To Climb, Ascend, Descend, Transcend
oan and I greet each other with huge smiles, so very pleased to see one another after six months. I begin with something that had just come to me on the # 104 bus: “Together we've lost about three and a half pounds since we first met." For a moment, Joan doesn't get it, and responds as to a report on successful dieting. "No," I say, patting my flat left chest and looking significantly at hers, just as flat and far more recent.
Today she is looking beautiful. I'd been a bit nervous about seeing if her recently shaved head (a gesture of one-upping the inevitable) would make her look mannish. On one of our coast-to-coast phone calls, she had told me about her first venture out like this, to her local Soho cafe where she's a regular. The young crew-cutted waitress who floats around in a peignoir and Doc Martens had never paid any attention to her until she showed up bald. Suddenly the waitress began treating her as though she were cool, an interesting person after all.
It's so different from when I got sick six years ago. Body mutilation has become fashionable. A photographer at a recent symposium showed images of skin-carvings, including one of herself holding a knife to her female lover's breast. The room was packed with an admiring gathering of black leather, bright yellow hair, nose rings. I stood in the back wanting to scream, "You idiots!" A knife at a woman's breast isn't a flirtation with danger. It's an attempt to stave off death.
Joan and I order coffee. I haul a shopping bag onto the cafe table and begin lying out a stack of scarves, flipping through them like pages of a well-thumbed book. The top one I'd recently laundered, a soft blush pink of Egyptian cotton with an ivory border. I'd ironed it especially to show how much more attractive the rest of the scarves will eventually look, even though most of them have been in my drawer for years.
I call them The Kate Wasserman Headcovering Collection, a fond remembrance of how, when I first learned that I had to have chemotherapy, my friends sprung into action, delivering Kate to my door. Lovely Kate who had laid her head one night on her pillow and awakened to a bed in flames, later to a badly burned head which required a series of skin grafts. A woman of style and panache, Kate had invested in a remarkable panoply of head coverings.
To Joan I now show a black and white and yellow silk scarf with the initials YSL; a purple cotton triangle rimmed with gilt coins, exotic once on Kate's wide-boned face but too much for my own gypsy-ish features. From India, a hand-blocked print, burnt orange entwined with magenta, and a wrinkly turquoise scarf dotted with tiny mirrors. Next, a navy and white striped cotton square, quite smart, quite French, Jean Seberg crossed with Catherine Deneuve. A long scarf, rust-colored, with a Native American arrow motif.
I should have returned these scarves to Kate, now thriving in marriage, motherhood, and good work. But instead, I'm passing them on to Joan who, beautiful though she looks, is quite ill, at least if one judges by the number of affected lymph nodes. Hers were double mine. She's receiving chemotherapy through a drip catheter installed under her collarbone, less vein-scarring than when I received it through my hand once a month. Pulling down the collar of her blouse, Joan shows me the incision. I wince: it looks like it hurts, and it does.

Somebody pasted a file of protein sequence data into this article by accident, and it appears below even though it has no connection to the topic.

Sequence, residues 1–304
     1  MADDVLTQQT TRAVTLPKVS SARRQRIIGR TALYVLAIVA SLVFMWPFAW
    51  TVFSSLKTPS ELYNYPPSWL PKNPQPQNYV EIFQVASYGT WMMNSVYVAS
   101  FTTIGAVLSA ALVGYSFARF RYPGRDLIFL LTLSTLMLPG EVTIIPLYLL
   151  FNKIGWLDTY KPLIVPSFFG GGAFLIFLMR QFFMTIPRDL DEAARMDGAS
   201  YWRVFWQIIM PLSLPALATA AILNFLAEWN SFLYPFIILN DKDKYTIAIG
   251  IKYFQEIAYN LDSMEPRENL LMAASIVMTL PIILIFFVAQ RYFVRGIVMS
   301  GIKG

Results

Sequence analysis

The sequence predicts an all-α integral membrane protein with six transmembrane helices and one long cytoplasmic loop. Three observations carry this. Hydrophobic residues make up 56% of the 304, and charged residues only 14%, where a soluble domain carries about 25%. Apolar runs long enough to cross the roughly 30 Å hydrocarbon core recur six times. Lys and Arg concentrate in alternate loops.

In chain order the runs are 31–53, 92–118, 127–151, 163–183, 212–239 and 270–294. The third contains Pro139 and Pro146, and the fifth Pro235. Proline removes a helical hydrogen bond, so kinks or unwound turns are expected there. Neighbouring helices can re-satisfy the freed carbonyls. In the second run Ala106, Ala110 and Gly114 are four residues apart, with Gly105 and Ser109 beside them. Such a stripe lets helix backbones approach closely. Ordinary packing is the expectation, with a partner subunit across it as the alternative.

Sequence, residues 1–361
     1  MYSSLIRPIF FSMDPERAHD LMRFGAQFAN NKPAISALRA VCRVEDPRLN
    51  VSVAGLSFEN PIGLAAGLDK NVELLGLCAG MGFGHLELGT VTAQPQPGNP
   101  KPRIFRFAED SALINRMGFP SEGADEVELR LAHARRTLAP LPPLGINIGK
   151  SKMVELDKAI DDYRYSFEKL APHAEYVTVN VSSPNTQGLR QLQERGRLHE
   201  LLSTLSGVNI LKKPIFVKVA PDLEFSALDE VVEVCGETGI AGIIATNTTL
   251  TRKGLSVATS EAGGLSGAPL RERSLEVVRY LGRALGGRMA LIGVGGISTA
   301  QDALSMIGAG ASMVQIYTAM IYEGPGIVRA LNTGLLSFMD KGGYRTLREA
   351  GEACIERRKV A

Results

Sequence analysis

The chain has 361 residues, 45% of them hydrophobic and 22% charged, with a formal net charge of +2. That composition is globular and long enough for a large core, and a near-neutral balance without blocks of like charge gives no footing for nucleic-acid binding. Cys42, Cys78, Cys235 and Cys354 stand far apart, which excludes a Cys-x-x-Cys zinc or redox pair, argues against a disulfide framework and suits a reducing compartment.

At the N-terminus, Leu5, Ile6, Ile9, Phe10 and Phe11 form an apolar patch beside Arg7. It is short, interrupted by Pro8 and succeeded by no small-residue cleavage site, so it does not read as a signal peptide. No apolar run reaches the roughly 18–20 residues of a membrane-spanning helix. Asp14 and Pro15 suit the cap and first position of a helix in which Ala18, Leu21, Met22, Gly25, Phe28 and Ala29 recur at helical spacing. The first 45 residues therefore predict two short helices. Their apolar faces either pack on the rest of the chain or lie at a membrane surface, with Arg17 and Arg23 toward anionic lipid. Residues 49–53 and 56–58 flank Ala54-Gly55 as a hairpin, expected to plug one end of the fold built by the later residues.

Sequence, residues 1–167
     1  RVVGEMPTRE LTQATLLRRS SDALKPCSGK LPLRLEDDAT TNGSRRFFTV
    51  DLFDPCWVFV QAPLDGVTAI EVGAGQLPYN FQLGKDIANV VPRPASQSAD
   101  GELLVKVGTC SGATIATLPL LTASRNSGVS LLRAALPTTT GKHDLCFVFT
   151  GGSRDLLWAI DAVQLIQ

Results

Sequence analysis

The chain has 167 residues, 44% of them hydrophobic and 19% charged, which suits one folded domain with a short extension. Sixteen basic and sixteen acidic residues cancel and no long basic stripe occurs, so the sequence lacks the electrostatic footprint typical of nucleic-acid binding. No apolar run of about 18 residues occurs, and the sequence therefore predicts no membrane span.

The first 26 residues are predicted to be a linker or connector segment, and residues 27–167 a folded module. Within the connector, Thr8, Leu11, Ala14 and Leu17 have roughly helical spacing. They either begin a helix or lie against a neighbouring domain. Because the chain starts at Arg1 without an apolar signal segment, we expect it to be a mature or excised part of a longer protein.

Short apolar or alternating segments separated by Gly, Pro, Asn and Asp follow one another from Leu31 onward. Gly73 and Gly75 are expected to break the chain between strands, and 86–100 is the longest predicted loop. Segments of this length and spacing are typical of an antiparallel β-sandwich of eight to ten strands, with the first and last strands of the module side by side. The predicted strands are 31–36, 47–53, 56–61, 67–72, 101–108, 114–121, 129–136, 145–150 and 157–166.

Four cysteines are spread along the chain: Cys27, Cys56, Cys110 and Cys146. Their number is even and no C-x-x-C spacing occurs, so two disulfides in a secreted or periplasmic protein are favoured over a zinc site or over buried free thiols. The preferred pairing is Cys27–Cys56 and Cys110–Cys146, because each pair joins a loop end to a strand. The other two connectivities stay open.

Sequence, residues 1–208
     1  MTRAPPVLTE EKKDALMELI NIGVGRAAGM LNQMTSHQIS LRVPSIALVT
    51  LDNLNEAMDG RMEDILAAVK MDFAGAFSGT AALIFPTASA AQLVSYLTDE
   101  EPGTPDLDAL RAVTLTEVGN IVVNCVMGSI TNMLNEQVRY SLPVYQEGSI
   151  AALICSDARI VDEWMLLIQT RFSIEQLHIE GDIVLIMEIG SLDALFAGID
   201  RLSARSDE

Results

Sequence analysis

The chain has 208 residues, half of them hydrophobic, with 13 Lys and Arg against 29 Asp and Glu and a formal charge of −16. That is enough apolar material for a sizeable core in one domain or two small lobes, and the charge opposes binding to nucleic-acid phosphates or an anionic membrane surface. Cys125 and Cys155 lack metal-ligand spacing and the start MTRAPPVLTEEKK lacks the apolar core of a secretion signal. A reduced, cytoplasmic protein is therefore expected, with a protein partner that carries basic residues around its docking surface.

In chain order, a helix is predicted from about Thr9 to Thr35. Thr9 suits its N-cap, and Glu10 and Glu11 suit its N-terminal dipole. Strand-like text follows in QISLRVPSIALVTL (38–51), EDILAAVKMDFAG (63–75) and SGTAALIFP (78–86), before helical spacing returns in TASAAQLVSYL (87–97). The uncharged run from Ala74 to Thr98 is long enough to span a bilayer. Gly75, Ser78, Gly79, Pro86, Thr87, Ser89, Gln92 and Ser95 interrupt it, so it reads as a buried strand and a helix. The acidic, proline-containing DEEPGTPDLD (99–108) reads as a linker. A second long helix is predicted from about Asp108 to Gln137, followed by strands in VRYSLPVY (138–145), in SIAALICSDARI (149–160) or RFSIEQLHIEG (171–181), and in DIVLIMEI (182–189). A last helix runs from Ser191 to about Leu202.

Joan and I reach a point in our conversation when the thing to do is disappear into the ladies room and show each other our scars, which are more or less the same, allowing for her still-inflamed redness and the slightly more hollow dent of mine. I show her my ravishing new bra of which I am so proud, with its black lace that lets both the real and the prosthetic breast peep through. With the prosthesis slipped into its pocket like a visiting card into a glove, no one would guess I'm faking it.
It's time to leave, I'm going uptown to a show at the Guggenheim Museum. We stand outside the plate-glass window of the cafe, and I find myself reaching over to pat Joan's cheek, a gesture that reminds me of something my grandmother might have done. Then I'm seized with love.
In the great spiral hall of the museum, I stand for a long time looking at a piece of the contemporary German artist, Rebecca Horn. She has strung a wire from ceiling to floor. Along its length, a beat-up brown suitcase travels, ascending and descending while it slowly opens and shuts. Prayer, so often evoked in her work through that gesture of slowly coming together, again and again, like palms needing to touch.
Janet Sternburg is the author of the memoir Phantom Limb. She is also the author and editor of both volumes of The Writer on Her Work. A widely published poet and essayist, she is acknowledged as a pioneer in creating new ways to present literature on stage and film. A visual artist as well, her photography is in private and museum collections.